Your Diet: Phasing Out Grazing
The very word grazing, with its associations to large livestock, should be a red flag that the habit it describes—nibbling and noshing a bit of food here and there—isn’t a great idea.
That handful of nuts, extra scoop of pasta, and random cookie may go into your mouth unnoticed but wind up settling firmly on your thighs a few days later.
The Trouble with Grazing
Mothers are particularly prone to eating a bit of this and that because that’s how young children tend to eat. Their stomachs are small and their metabolisms are extraordinarily active because they’re growing so quickly. So we feed them breakfast, then give them a snack a few hours later. That’s followed by lunch, an afternoon snack, dinner, and maybe dessert. Add in a baggie full of goldfish crackers at the park or a banana to keep them busy while you make a phone call, and you’ve got a typical kiddie menu.
Unfortunately for moms, we’re not children. We’re not growing. We don’t run from place to place burning calories like a little furnace. We should not be grazing like children. Yet we find ourselves picking a few goldfish out of that baggie while chatting up the other moms, right? Or we nibble on those leftover sandwich crusts children always leave on their plates. If we’re cutting up an apple, we realize a child won’t eat the whole thing, so who helps them out? Mommy. And she’s paying for it in extra pounds.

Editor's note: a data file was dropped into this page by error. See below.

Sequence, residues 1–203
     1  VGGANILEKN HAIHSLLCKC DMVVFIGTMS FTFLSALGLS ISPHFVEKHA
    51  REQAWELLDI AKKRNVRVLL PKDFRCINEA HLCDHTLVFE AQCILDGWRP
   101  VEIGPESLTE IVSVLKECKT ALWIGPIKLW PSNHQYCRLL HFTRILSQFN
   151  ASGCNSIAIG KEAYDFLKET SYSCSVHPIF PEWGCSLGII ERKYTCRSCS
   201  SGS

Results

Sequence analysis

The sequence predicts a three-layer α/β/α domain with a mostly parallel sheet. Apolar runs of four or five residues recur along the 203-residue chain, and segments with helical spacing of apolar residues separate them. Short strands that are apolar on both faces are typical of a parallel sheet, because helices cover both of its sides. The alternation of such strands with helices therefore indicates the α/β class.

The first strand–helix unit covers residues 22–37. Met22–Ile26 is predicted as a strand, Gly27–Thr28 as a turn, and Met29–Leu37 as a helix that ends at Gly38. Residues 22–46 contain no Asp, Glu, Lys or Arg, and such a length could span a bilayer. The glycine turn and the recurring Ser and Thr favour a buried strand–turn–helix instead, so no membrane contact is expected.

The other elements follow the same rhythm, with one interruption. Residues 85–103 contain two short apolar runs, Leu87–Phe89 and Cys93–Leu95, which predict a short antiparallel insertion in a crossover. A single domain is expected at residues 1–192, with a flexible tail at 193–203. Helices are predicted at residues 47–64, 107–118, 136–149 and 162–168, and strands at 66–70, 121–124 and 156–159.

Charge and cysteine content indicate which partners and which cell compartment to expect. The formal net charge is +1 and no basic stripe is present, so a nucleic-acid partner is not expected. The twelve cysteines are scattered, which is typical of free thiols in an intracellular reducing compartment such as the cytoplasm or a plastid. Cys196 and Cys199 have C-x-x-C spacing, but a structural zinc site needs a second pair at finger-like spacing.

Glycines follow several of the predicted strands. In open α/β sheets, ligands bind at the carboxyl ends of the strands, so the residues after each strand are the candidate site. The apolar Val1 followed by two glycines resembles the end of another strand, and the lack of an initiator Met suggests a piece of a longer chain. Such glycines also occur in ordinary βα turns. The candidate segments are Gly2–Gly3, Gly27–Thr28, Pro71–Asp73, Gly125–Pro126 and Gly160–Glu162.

Another reason moms tend to graze is because we’re exceptionally busy. It’s much easier to grab a package of peanut butter crackers and a diet cola to inhale in the car than it is to prepare a sensible lunch and eat it at the table. Too bad the ease of eating on the run is offset by the difficulty of losing weight that comes from that kind of gobble-and-go behavior.
How to Break the Grazing Habit
Today is the day you can turn over a new leaf and say goodbye to grazing. This will be pretty easy if you’re planning your meals ahead of time by having the right ingredients in the house and the menu written down. If you haven’t gotten that organized yet, you can still curb the nibbling by following these simple guidelines:
- Sit down at the table to eat.
- Eat off a plate, with a fork and a napkin.
- Do not snack out of a bag or box.
- Do not eat while standing at the kitchen counter.
- No eating in the car.
- No eating on the couch.
- Do not eat in front of the television.
- Do not eat your kids’ leftovers.
- Do not have seconds even if it’s just a small scoop.
- Do not eat after dinner, unless it’s a preplanned snack that you’ve logged in your food journal.
If you can only remember one thing, keep in mind that you’re an adult, so it’s time to eat like one. You’re a person of substance and sophistication who deserves better than food eaten from a box, bag, or someone else’s tray. Take control of your meals and treat yourself with the respect you deserve!
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